Monday, August 18, 2008

ORI does not make plagiarists walk the plank

The journal Science reports that consent forms related to the 21 "approved" stem cell lines may be defective by today's standards. Robert Streiffer is quoted: "We know how to do things better today." Lorraine Iacovitti is quoted: "I was shocked." [IPBiz inquires: as in Casablanca?] The article also notes: "It's not clear whether iPS cells will behave exactly like ES cells. And they can't be used therapeutically because the viral vectors scientists use to introduce genes could be hazardous." 321 Science 756-7.

Page 757 notes a conflict of interest situation at Stanford University, related to Alan Schatzberg (who owns millions of dollars in stock of Corcept Therapeutics.]

Also of note, page 764 has an article "Industrial-Style Screening Meets Academic Biology." An indented article on 766 begins: "Once shunned as too costly and industrial, high-throughput screening is becoming a hot activity at universities." IPBiz asks, does anyone remember high throughput screening in Merck v. Integra?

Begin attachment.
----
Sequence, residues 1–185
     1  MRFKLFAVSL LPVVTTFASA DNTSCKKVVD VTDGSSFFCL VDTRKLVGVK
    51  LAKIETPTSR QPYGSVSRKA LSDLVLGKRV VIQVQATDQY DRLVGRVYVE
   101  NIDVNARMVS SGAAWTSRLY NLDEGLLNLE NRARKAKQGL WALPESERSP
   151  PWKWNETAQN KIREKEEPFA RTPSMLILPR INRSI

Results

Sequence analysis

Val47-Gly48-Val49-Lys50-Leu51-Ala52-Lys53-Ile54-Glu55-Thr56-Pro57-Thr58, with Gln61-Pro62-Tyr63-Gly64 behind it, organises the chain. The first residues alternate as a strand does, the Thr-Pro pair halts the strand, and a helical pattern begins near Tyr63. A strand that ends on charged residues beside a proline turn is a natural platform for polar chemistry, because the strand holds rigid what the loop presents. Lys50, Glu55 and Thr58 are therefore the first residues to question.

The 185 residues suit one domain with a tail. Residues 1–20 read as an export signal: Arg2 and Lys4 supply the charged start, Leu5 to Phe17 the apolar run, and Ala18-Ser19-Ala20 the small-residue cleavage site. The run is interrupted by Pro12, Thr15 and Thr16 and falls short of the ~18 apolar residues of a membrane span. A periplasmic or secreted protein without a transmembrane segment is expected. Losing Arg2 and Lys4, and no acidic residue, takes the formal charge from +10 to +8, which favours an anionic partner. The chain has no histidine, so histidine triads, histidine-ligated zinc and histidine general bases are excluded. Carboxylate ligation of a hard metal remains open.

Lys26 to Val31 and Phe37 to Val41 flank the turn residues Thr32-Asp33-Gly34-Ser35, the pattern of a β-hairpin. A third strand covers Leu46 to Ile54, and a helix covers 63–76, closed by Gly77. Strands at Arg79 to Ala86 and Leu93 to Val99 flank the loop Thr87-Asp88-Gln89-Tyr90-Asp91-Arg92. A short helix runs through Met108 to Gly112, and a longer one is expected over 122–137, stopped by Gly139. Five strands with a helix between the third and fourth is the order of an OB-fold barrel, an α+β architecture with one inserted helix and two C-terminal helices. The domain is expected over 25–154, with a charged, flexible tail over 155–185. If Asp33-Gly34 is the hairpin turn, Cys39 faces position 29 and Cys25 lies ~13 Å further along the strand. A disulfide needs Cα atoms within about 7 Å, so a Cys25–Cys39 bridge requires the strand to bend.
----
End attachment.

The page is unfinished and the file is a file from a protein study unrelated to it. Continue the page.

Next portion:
Page 775 has an article: Scientific Misconduct: Do the punishments fit the crime, an interesting question after UVa's actions related to "Semester at Sea." Studying an 8 year period of ORI, the authors noted 106 cases of misconduct, including 10 of plagiarism. The authors noted "retraction was never required after plagiarism." The authors also noted: "acts of falsification and fabrication were punished more harshly than were acts of plagiarism."


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